Will Americans switch to your brand if you are associated with a good cause? Research shows that 79 percent of them will.
Do you dream of helping others when you 'make it big'? Do you imagine all of the good that you can do once you have no money woes whatsoever? I think this quality is a universal character trait for entrepreneurs. It's one of the things that motivate and keep our imaginations happy. But do we really have to wait until we've hit the jackpot to give back? Nope. Not according to fashion designer, Julia Fiske we don't.
Julia spoke at Tory Johnson's recent Chicago Spark and Hustle event and I was taken with her passion, creativity and the power of her message. Her company, Save the Ta-tas®, donates at least 25% of their proceeds to support the fight against breast cancer. This money goes directly to the cause; Save the Ta-tas® is currently providing salary support for breast cancer researchers. In addition to succeeding in that rather aggressive goal, Julia's company has donated a much needed piece of medical equipment to Northwestern University. All of this is achieved through the sale of Julia's original apparel and accessory designs targeted at raising breast cancer awareness. As a start up in 2004, Julia chose to leverage her brand with cause marketing and profits are soaring.
So what exactly is cause marketing? In 1983 American Express coined the term 'cause-related marketing' (CRM) when they launched a marketing campaign for the Statue of Liberty Restoration project. The company donated a penny toward restoring the Statue of Liberty each time a cardholder charged an item. In a mere four months, more than $2 million was raised for the project.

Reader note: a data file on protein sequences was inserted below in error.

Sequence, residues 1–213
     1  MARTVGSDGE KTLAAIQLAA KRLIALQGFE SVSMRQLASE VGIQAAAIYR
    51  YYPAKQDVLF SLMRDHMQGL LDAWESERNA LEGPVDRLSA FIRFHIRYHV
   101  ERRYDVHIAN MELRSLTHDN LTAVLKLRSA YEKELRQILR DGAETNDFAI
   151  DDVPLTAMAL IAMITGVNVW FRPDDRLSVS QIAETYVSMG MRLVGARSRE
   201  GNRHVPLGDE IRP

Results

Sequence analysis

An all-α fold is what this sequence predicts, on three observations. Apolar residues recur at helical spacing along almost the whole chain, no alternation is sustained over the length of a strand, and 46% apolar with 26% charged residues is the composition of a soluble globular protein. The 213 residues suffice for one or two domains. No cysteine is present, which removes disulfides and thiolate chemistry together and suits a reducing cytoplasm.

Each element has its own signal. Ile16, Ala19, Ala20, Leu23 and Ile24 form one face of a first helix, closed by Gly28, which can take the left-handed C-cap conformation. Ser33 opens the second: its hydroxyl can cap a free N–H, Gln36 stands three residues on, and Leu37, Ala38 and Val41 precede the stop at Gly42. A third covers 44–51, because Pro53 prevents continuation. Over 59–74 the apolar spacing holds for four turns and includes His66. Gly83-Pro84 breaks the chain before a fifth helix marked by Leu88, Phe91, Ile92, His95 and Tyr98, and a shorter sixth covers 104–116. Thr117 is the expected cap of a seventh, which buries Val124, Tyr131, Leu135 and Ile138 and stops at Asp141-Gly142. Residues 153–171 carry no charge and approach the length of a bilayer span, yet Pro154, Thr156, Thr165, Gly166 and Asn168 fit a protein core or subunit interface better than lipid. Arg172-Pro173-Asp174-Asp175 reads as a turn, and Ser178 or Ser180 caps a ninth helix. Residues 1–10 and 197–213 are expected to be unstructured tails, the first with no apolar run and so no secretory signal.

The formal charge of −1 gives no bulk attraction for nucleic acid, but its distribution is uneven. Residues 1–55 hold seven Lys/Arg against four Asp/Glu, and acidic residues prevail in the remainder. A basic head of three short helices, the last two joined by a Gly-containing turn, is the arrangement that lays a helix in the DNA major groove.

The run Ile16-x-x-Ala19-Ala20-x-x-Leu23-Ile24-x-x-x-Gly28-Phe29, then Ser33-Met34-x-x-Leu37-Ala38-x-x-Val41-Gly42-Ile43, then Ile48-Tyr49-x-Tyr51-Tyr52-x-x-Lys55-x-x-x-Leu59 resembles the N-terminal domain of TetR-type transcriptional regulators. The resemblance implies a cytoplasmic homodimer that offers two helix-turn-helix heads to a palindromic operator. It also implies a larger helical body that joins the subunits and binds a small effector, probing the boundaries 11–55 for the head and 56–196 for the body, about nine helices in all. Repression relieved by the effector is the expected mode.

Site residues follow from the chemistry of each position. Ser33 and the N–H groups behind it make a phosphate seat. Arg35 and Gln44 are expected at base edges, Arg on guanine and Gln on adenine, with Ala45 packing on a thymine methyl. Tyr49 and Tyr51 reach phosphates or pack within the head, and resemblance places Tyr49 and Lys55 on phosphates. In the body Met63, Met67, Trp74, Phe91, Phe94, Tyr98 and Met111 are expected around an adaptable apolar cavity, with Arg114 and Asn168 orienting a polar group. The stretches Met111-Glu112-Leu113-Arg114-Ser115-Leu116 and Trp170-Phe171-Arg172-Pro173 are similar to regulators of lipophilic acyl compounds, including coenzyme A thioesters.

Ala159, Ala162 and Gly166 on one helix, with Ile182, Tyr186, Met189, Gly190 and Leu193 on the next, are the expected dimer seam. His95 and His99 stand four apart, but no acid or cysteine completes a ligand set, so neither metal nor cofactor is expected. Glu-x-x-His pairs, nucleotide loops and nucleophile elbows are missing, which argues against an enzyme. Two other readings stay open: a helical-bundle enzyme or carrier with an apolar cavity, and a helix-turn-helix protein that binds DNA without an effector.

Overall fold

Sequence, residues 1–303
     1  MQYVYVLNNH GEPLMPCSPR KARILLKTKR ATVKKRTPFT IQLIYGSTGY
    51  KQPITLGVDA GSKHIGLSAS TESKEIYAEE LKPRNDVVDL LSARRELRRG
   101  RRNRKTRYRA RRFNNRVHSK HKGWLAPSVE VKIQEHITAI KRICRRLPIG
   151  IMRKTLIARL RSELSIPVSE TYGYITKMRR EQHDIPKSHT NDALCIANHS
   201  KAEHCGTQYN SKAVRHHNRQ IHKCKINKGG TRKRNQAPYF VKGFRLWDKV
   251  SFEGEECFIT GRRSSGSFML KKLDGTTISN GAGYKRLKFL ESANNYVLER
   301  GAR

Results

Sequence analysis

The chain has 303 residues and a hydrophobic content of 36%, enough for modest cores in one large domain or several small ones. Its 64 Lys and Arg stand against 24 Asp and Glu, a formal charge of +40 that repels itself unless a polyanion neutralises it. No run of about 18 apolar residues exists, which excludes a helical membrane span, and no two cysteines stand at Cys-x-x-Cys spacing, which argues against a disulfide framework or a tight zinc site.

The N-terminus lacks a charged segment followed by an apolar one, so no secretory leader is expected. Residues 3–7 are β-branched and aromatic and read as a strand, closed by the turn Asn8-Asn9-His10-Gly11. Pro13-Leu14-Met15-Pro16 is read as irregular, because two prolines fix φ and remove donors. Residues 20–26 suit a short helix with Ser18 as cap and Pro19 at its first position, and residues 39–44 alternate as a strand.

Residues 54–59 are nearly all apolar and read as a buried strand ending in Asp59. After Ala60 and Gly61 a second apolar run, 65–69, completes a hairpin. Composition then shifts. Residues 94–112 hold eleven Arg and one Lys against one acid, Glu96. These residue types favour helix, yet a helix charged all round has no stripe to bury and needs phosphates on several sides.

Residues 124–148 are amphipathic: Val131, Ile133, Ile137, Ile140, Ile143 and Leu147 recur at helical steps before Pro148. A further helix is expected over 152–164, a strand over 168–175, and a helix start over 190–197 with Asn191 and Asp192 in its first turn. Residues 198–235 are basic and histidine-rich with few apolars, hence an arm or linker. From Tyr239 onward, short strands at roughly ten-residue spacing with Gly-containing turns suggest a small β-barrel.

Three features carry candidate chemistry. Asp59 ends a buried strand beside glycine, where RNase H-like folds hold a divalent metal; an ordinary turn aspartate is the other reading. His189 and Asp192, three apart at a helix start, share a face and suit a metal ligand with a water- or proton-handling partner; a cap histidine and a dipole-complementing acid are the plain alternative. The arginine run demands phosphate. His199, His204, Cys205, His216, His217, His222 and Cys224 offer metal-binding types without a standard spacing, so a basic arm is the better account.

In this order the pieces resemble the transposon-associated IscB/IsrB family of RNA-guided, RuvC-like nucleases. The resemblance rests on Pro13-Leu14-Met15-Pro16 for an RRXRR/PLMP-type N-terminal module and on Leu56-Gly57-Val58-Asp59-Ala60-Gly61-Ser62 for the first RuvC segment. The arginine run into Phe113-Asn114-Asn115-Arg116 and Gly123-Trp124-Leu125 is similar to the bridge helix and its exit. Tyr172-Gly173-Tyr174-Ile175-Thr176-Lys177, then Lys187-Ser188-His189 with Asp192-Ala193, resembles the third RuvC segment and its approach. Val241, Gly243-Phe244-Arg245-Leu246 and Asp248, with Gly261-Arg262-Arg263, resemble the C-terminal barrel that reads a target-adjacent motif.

But you don't have to be an American Express to launch a successful cause related marketing campaign. Imagine a mutually beneficial collaboration between your company and your favorite nonprofit organization. The money you donate creates social value, increases visibility for both companies, and generates revenue for both companies. Of course, your non-profit partner and your brand must demonstrate synergy with an organic integration between your message and what they do. Your audience needs to know that you are serious and committed to the cause and the connectedness must be apparent and make sense to your customer.
If done well, your partnership will increase your brand loyalty and sales, garner positive press coverage and differentiate you from the competition. In fact, according to aCone Cause Evolution Study, a whopping79% of Americans say they would be likely to switch from one brand to another, when price and quality are about equal and if the other brand is associated with a good cause. But don't discount the fact that they will drop you like a hot potato if consumers sense insincerity or greed behind your cause related marketing efforts. This approach is not for you if you don't have a passion for your cause.
Where to begin? It's ok to start small. Partner with a local charity and work on a small campaign. If you are already serious about a larger cause and prepared to explore this new world, begin by contacting the development department at the charity you are considering. Remember, they are looking a solid ROI just as you are, so be prepared to give them information on your platform, target audience and level of visibility. Make sure that the organization can provide you with solid stats on your ROI too. This is not meant to be a one-time marketing boost, it's a partnership to be nurtured and cultivated like any good business partnership.
Do your research on the law and with your accountant as well. As with any good plan you must cover all your bases and understand the big picture before leaping onto the canvas.
MARLA TABAKA is a small-business adviser who helps entrepreneurs around the globe grow their businesses well into the millions. She speaks widely on combining strategic and creative thinking for optimum success and happiness. @MarlaTabaka